Post by Soulmonster Fri Jun 16, 2023 6:38 pm

JANUARY 4, 2016
IT IS CONFIRMED: GN'R TO HEADLINE COACHELLA AND SLASH AND DUFF TO REJOIN THE BAND


Yeah. We’d be back in no time [if we needed the money], I tell you!’ [laughter]. Pete Townshend is great... I heard him talking on TV one night and he said, “Yeah, we’ll probably reform, we need the money.” I thought that was pretty funny.
Mick Wall, GUNS N' ROSES: The Most Dangerous Band in the World, Sidgwick & Jackson, U.K. 1991, 1993; interview from June 1988

Well, I mean, it was definitely not something that, you know, had I been a betting man that, you know, it was definitely not something that I foresaw, you know, coming. I was probably probably the most sort of, you know, negative about anything ever happening with Guns N' Roses. Just because, a lot of pent up negative feelings and animosity that had developed and so on and so forth.

_____________________________________________

Then finally on January 4, the first confirmation of a Guns N' Roses show in 2016 was confirmed by Coachella Music and Arts Festival [Blabbermouth, January 4, 2016]. GN'R was to play two shows, on April 16 and April 23 [Blabbermouth, January 4, 2016].

The announcement would be re-tweeted by Slash and Duff, further cementing the rumour that they would be part of the new lineup.



Slash sharing the news about GN'R playing at Coachella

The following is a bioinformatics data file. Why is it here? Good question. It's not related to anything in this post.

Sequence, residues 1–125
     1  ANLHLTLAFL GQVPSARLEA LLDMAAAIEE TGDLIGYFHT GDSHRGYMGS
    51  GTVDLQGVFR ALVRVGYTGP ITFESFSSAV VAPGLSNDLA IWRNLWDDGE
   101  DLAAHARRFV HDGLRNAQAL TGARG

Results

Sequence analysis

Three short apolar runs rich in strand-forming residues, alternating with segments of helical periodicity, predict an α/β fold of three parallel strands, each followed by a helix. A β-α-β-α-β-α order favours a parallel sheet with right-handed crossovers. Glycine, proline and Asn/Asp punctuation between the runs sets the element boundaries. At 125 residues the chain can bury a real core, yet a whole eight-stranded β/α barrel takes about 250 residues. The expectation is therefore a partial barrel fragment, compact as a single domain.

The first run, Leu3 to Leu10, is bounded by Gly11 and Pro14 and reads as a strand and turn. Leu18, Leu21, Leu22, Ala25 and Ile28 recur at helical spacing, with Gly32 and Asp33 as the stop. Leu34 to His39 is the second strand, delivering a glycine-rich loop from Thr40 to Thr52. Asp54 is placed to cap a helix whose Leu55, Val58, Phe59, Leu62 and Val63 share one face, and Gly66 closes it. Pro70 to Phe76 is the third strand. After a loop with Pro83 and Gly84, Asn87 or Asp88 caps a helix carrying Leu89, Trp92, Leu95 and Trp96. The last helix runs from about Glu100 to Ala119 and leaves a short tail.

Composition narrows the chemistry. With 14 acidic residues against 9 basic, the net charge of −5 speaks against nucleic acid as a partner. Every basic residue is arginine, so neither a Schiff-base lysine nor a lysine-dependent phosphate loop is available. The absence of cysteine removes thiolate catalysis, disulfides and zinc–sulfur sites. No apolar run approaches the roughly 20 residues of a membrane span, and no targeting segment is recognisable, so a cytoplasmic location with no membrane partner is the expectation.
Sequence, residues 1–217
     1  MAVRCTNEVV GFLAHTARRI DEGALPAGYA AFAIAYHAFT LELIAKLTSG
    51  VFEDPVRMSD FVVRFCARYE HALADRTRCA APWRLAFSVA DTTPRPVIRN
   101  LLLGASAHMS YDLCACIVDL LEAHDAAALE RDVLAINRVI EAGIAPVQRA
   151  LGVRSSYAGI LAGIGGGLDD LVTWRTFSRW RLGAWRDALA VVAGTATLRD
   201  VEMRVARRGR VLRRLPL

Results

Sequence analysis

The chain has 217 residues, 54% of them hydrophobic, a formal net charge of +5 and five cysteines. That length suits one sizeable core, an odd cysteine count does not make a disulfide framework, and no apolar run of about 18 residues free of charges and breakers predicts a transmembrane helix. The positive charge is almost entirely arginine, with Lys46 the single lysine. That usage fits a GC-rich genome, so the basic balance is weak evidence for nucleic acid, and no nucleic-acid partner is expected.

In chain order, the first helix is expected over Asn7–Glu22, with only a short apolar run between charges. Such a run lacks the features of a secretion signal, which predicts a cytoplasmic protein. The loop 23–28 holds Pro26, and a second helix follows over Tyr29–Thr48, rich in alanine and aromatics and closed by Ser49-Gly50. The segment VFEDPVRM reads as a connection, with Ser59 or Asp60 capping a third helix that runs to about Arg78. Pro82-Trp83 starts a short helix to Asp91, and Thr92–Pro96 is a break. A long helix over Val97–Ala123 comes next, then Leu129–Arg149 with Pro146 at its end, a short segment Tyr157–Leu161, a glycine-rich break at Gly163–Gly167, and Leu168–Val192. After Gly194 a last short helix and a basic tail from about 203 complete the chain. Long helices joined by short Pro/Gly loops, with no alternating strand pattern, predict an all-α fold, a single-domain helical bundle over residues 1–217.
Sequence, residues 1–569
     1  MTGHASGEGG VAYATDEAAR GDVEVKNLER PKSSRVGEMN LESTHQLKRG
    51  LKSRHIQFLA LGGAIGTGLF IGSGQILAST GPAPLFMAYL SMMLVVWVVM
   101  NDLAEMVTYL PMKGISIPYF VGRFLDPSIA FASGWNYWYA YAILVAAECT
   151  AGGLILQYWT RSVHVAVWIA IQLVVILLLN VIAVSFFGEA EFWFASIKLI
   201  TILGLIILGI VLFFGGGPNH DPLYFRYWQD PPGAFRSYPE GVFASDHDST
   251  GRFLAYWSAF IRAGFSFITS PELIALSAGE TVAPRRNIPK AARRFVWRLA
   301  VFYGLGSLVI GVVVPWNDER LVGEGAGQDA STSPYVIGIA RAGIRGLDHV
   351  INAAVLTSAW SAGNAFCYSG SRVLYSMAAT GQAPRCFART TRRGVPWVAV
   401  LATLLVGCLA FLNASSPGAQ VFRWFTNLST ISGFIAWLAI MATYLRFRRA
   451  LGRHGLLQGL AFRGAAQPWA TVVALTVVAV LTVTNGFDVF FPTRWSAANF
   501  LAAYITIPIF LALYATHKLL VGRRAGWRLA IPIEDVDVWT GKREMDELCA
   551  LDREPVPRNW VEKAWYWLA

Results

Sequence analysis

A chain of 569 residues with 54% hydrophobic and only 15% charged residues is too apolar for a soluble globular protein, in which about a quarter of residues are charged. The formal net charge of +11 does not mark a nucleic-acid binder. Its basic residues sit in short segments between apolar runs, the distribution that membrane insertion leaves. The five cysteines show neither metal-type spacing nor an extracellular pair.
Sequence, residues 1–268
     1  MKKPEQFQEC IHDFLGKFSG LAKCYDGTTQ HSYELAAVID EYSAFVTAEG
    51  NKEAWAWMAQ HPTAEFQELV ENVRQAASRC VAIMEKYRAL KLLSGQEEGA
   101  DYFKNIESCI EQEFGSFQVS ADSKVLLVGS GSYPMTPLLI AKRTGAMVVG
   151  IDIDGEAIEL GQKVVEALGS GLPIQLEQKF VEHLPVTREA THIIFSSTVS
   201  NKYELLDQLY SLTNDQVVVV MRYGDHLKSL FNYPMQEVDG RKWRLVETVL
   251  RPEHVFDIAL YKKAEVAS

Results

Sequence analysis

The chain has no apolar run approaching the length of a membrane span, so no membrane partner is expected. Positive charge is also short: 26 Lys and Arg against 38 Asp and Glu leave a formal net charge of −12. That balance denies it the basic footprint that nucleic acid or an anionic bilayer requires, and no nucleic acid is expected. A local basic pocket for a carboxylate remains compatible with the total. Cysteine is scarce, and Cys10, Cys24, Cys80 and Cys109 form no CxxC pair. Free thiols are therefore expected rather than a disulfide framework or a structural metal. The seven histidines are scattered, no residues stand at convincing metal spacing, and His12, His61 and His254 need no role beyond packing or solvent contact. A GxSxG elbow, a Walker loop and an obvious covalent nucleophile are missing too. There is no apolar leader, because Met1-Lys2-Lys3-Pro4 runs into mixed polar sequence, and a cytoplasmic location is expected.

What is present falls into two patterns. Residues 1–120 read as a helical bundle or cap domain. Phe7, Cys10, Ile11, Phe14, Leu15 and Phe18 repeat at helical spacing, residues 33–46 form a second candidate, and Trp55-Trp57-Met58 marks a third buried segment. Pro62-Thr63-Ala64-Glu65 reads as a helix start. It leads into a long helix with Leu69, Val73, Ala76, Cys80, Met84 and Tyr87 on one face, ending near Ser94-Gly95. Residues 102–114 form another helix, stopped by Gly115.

January 5, 2016



Guns N' Roses followed up the very next day with a press release that also confirmed Slash and Duff was to rejoin the band:

January 5, 2016 – Upholding a three-decade tradition of breaking ground, creating trends, and forever changing the face of rock ‘n’ roll, Guns N’ Roses announce the most significant and anxiously awaited musical event of this century. Founder Axl Rose and former members Slash and Duff McKagan will regroup to headline the Coachella Music & Arts Festival (April 15-17 & April 22-24)—as announced last night!

For months, critics and audiences alike have generated immense excitement and speculation over the possible regrouping of the iconic line-up. The April performances will mark the first time since 1993 the Gunners will share the stage for what is certain to be an explosive event. For more information please visit www.gunsnroses.com.


The press release contained no information of the rest of the lineup nor about the expected tour.

With the first show confirmation, radio host Eddie Trunk would summarize the situation: